Business models changing in response to climate change

4th September 2015

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  • Management ,
  • Supply chain


Jason Light

Three-quarters of chief executives say their companies are developing new products and services to respond to climate change, and a third report that this is helping them grow their businesses, according to PwC.

Ahead of the UN climate summit in Paris in December, the sustainability and climate change advisory team at PwC polled business leaders from across the world on prospects for growth in a changing climate.

Jon Williams, sustainability and climate change adviser at PwC, said: "Eighty per cent of chief executives told us what motivates them personally on climate change is their desire to protect the interests of future generations. But look beneath this headline and you see a smaller, emerging group of leading CEOs making the connection with growth, costs, risk and shareholder value."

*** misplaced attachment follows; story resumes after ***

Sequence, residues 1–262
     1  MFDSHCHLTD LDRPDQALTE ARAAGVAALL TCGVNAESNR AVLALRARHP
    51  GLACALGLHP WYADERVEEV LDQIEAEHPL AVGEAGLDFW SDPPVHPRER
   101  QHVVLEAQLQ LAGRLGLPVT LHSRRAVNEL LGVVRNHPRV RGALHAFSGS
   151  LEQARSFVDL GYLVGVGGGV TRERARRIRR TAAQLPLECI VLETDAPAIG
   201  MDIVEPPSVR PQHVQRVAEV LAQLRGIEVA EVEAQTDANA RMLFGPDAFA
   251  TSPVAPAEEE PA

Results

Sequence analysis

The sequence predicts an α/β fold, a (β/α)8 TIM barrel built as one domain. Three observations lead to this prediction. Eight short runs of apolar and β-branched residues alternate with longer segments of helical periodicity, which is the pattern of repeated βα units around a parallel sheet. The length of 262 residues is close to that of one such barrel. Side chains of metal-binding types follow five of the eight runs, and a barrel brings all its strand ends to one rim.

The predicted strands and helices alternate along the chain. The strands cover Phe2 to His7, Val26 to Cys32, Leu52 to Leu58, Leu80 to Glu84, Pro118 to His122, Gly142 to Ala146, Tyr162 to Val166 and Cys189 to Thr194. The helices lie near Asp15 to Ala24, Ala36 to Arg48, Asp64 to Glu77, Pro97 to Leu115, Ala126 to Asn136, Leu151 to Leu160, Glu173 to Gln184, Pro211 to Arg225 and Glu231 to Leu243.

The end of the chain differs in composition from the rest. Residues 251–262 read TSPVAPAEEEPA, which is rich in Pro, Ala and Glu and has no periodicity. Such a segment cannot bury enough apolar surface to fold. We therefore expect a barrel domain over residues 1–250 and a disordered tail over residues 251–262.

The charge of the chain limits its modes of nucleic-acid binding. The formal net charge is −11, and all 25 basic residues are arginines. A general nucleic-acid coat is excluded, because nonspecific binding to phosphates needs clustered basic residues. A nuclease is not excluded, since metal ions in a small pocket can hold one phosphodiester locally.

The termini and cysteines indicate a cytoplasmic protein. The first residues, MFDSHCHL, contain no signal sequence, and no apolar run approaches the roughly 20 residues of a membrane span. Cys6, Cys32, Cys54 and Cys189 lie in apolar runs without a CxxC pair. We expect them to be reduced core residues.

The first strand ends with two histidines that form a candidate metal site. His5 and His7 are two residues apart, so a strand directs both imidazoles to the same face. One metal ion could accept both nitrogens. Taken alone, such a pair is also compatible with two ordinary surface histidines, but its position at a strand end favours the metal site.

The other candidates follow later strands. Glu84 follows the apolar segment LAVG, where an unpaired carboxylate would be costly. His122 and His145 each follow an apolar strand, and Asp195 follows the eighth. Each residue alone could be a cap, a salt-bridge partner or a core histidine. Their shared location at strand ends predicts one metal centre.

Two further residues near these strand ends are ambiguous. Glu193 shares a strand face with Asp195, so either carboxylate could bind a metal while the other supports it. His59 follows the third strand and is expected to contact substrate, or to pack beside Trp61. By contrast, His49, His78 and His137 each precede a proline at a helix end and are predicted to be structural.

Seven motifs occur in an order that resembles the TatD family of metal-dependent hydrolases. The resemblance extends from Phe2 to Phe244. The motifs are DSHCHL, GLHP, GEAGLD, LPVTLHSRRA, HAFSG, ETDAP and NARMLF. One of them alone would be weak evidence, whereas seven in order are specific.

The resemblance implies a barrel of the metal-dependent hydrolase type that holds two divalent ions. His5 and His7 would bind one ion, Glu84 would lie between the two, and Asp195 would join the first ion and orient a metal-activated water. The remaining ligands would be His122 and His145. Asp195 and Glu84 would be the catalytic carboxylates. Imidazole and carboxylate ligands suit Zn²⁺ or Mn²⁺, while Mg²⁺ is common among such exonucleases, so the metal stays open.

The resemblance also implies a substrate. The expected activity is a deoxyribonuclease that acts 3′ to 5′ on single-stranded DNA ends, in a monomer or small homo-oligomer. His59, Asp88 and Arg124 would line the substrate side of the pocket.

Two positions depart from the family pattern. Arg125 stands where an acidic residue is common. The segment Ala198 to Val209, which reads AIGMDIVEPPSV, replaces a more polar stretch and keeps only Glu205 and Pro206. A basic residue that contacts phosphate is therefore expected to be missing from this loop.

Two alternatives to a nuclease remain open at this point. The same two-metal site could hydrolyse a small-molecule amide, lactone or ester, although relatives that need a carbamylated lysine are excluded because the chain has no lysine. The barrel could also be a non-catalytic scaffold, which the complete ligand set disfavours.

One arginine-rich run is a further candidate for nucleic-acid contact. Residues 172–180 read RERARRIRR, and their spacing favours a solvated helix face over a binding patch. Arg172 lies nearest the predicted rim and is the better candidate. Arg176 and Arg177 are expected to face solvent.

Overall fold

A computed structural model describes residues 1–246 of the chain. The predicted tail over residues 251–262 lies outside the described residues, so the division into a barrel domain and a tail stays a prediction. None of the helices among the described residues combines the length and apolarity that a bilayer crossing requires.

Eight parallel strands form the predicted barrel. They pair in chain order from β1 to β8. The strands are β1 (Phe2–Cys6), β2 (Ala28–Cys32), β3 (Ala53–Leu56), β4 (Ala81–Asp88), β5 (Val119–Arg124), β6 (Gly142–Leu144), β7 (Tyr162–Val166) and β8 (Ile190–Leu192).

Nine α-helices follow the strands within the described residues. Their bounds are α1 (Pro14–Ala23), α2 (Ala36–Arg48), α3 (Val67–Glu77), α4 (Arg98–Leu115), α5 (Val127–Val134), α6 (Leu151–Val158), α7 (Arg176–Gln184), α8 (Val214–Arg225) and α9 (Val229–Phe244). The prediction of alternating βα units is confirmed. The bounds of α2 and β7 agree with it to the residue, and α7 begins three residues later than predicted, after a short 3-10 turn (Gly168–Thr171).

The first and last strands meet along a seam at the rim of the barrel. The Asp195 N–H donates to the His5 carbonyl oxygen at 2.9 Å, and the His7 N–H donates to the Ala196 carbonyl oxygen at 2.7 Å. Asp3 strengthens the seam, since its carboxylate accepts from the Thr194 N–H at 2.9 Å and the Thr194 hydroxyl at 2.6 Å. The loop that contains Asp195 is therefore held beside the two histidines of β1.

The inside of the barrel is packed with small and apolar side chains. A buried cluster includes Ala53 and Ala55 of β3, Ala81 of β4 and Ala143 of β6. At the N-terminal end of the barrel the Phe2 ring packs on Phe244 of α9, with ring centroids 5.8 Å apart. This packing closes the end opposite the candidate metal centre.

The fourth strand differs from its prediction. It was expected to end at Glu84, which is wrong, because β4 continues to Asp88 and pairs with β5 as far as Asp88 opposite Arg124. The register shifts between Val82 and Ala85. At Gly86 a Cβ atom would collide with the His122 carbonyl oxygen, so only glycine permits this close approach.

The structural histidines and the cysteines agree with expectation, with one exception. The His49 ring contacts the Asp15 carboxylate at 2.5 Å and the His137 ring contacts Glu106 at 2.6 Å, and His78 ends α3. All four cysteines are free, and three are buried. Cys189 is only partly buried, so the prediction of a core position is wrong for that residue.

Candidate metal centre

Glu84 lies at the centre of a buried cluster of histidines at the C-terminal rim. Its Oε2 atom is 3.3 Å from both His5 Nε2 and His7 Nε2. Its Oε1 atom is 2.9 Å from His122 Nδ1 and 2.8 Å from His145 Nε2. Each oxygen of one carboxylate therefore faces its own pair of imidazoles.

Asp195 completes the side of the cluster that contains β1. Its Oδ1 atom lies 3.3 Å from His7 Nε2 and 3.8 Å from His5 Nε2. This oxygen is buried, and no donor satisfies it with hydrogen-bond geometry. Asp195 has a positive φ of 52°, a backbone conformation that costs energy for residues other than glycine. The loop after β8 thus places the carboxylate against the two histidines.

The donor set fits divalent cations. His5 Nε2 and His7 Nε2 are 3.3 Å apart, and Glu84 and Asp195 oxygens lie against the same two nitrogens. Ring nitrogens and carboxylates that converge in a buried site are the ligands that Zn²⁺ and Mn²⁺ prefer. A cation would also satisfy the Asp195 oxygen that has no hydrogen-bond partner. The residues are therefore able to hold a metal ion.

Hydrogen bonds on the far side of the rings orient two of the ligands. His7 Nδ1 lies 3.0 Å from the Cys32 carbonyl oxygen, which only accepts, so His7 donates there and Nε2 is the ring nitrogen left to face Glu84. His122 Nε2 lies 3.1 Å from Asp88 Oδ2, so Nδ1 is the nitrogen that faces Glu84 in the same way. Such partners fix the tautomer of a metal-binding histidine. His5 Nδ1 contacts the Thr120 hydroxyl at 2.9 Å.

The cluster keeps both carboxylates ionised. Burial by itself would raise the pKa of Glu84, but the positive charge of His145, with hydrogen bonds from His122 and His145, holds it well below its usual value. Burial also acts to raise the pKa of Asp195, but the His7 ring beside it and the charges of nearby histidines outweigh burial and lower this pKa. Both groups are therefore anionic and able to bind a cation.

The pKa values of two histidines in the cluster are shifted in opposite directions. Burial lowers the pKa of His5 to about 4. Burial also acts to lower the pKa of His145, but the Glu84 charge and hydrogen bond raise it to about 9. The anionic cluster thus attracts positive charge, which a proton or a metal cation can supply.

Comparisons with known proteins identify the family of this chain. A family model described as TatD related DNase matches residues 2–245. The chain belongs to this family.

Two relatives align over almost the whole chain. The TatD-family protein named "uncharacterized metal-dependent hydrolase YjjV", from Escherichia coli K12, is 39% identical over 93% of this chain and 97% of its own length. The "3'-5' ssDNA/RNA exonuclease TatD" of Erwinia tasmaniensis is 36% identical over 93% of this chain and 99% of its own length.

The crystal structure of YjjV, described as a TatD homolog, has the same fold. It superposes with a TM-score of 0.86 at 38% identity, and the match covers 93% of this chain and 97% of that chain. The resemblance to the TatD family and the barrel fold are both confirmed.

The main climate concerns for CEOs are the potential impacts on energy prices (61%) and the likelihood of more regulation (56%), which Williams describes as "tomorrow's longer term and strategic threats to competitiveness and growth".

Of less concern to CEOs are the longer-term impacts on supply chains (51%) and infrastructure (35%). In terms of a positive outcome from the Paris talks, only 46% of CEOs see a binding agreement on climate change as the main driver for action in their sector.

"Far more need to be motivated by business as well as moral issues, and to make the connection between climate change and financial performance, particularly in the context of an ambitious deal on climate change this year," said William.

Over half the CEOs surveyed said their board discusses climate change and extreme weather risks only when it impacts them. Jonathan Grant, climate policy specialist at PwC, said businesses find it hard to make the link between the global climate negotiations and day-to-day business issues. "National regulation is often more relevant and immediate," he added.

"Chief executives are more focused on the near term and direct issues like regulation and consumer attitudes. Less than half the CEOs see the Paris agreement as a driver for action in their sector, despite its role as a catalyst for national regulation, or make the connection with shareholder value," he said.


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